Tampa Bay addresses significant needs on defense in NFL Draft


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NFL Draft

The Tampa Bay Buccaneers are coming of a 5-11 season and have had only one winning season since 2010 with their last post season appearance in 2007. Last season, the Buccaneers were 12th in scoring at 24.8 points per game, but 31st in points allowed at 29 per game.  With the need to improve defensively clearly at the forefront, the Buccaneers addressed the issue with the first four picks of the NFL Draft. Let’s examine their top six selections.

Round 1 (5th) Devin White (LB) LSU

White earned SEC All-Freshman honors after playing in all 12 games and recording 30 tackles. He blossomed into a star in 2017, leading the conference with 133 tackles, enough to earn him first team All-SEC. In 2018, White won the Butkus Award for best linebacker in the country after registering 123 tackles, three forced fumbles and three sacks.

White was one of the most well-rounded, complete linebackers in the NFL Draft. His presence was clearly felt, as quarterbacks had less than half the quarterback rating while he was on the field as opposed to when he was off. White is a capable cover man and is excellent as putting heat on quarterbacks. He should be an instant starter with significant impact.

Round 2 (39th) Sean Bunting (CB) Central Michigan

Bunting was a redshirt freshman in 2016, but still had 18 tackles and two interceptions, playing in all 13 games. Starting every game in 2017, Bunting had 49 tackles, five interceptions and two forced fumbles. Last season, he was named first-team All-MAC and making 37 tackles, two forced fumbles and two interceptions.

Bunting displays good speed, excellent ball skills and long arms that could find him playing press coverage off the line. However, his build is rather slight by NFL standards, which could cause issues until he adds to his frame. He’s not yet as quick as some corners, but has the speed to make up for that. Given time to develop, Bunting could emerge as starting cornerback on the outside.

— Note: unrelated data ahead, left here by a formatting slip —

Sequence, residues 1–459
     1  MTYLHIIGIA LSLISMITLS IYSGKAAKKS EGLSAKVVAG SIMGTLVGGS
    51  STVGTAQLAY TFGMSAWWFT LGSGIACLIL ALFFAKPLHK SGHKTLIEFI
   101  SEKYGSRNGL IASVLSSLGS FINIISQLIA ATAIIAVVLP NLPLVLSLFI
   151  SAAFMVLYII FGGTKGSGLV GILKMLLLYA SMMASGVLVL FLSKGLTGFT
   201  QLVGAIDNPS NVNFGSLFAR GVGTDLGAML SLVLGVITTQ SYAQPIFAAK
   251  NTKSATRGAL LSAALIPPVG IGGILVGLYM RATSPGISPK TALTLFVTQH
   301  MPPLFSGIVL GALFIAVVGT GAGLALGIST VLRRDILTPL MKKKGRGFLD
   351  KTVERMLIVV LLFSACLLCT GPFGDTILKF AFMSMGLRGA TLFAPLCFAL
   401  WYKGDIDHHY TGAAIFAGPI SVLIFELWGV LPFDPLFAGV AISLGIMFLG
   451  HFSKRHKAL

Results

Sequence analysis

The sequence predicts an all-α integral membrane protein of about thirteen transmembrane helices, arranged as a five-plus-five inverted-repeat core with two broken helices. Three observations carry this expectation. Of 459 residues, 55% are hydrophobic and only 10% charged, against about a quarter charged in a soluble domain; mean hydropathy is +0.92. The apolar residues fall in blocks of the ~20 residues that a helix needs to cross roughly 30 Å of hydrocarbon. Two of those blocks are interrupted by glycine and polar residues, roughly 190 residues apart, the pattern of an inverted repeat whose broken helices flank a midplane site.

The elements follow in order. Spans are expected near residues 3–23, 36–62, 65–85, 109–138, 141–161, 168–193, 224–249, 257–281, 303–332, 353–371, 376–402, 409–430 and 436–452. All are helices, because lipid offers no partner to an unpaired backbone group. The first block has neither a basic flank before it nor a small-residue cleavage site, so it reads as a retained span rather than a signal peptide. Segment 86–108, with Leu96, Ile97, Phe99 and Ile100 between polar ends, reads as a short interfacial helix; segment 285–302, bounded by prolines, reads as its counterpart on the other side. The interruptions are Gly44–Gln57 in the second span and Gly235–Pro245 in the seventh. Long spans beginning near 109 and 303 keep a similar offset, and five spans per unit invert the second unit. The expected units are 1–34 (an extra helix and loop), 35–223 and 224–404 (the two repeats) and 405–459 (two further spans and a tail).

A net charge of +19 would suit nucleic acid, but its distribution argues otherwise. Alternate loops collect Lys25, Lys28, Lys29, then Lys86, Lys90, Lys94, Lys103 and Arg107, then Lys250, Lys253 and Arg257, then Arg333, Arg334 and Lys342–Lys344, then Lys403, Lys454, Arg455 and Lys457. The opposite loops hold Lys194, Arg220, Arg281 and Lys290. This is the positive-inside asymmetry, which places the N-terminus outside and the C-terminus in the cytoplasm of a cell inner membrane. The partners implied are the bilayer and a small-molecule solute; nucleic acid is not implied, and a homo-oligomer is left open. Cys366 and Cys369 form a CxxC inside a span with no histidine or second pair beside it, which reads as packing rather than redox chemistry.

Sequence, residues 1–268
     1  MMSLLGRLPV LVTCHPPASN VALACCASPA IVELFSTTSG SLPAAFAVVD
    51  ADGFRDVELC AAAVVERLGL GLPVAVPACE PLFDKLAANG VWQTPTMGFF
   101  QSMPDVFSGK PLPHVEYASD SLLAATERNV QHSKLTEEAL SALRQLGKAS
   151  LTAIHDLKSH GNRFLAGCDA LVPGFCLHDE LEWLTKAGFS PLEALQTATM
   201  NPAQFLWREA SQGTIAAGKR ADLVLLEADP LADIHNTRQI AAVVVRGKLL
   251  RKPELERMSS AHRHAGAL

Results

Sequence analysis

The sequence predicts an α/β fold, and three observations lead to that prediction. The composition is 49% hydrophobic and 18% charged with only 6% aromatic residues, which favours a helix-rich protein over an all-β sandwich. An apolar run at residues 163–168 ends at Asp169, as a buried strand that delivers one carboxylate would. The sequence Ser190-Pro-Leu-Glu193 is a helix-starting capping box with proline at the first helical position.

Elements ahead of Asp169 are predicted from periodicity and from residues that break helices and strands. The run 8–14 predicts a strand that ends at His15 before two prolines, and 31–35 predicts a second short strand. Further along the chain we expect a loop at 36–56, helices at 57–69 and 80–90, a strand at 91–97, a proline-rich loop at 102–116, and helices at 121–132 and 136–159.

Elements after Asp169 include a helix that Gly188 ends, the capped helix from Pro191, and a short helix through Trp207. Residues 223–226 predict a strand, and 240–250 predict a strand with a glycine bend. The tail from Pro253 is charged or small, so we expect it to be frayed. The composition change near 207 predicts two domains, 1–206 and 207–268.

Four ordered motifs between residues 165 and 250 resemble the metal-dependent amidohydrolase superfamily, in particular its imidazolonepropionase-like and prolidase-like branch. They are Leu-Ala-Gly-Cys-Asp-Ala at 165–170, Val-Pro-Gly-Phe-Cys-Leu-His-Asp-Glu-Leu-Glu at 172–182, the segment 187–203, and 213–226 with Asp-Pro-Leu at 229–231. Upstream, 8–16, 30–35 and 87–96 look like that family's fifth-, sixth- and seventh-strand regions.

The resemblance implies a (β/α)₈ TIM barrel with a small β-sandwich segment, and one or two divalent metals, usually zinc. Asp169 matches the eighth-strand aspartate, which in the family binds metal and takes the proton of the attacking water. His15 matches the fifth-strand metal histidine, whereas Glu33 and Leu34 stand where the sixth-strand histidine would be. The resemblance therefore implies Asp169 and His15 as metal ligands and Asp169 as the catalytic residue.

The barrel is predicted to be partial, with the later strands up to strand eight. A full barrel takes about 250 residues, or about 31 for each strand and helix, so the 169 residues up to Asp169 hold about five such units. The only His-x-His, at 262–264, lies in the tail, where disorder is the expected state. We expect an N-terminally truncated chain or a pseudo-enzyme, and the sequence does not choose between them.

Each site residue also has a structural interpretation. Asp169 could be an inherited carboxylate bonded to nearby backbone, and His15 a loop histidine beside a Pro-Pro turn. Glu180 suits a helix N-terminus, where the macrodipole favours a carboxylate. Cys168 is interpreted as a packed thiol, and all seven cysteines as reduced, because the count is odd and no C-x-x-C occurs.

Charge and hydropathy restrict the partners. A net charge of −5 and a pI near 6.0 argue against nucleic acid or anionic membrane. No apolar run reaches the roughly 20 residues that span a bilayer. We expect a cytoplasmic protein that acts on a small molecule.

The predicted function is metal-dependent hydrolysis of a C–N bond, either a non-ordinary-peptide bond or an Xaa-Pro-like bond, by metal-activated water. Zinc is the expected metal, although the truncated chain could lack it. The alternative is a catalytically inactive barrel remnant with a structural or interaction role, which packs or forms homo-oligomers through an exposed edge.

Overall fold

Round 3 (94th) Jamel Dean (CB) Auburn

Originally slated to play at Ohio State, Dean was medically ineligible due to numerous high school injuries. However, he was cleared to play at Auburn, but had another knee injury in 2016, putting him out for the season. Staring all but three games in 2017, Dean had 43 tackles and eight passes defensed. Last season, his tackles dropped to 30, but Dean recorded nine passes defensed and two interceptions.

Clearly wanted to bolster the secondary, the Buccaneers drafter down for two picks and chose Dean, who impressed with a 4.3 40 at the NFL combine.  He had very good size at 6’ 2” and 210 pounds and is excellent in press coverage. With the need great at secondary, Dean adds another competitive player who will battle for playing time and add depth.

Round 3 (99th) Mike Edwards (DB) Kentucky

Edwards played in nine games as a freshman, recording 39 tackles and an interception which he returned for a touchdown. He intercepted three more passes the following season while reaching 100 tackles, 5.5 for loss of yardage. Continuing his great ball-hawking skills, Edwards recorded four interceptions in 2017 and 96 tackles. As a senior, Edwards had 9.5 tackles for loss and two more interceptions, one returned for a touchdown.

Edwards is a versatile player who can line up anywhere in the secondary. His aggressive style of play enabled him to break up over 20 passes along with his ten interceptions at Kentucky. Edwards should also be a solid man to come in on a safety blitz, which fits perfectly into the Buccaneers defensive scheme.

Round 4 (107th) Anthony Nelson (DE) Iowa

Nelson made an immediate impact at Iowa, recording 33 tackles and seven sacks as a freshman in 2016. As a sophomore, he lead Iowa with 7.5 sacks, had four broken up passes, a blocked kick and two forced fumbles. Last season, Nelson was third-team All-Big Ten after registering 9.5 sacks and 45 tackles.

Addressing another much needed area, Nelson has good size at 6’ 7” and 275 pounds and uses his long arms well to get leverage on offensive linemen. However, he isn’t particularly quick and likely wont be a starter this season. Nelson should be part of the mix along the line in a situational or rotational basis this season.

Round 5 (145th) Matt Gay (K) Utah

Gay had a long journey to get to this point. A former soccer player in 2014 and 2016, Gay tried out as kicker at BYU but was declined. In 2017, Utah gave Gay a chance as a walk-on. He ended up having a sensational season, hitting 30-of-34 field goals, including 5-of-6 from beyond 50.  In 2018, Gay was named third-team All-American, hitting 26-of-31 field goals, including 3-of-5 from beyond 50. He was also excellent on kickoffs, resulting in over 70 percent touchbacks.

The Buccaneers had a similar selection a few years ago, drafting Roberto Aguayo in 2016. However, Aguayo converted only 4-of-11 kicks from beyond 40. Gay is significantly better at long range kicking, hitting over 70 percent from 50 on out. While kickers can be picked up as free agents, adding points form this position is important, so this selection could prove beneficial.

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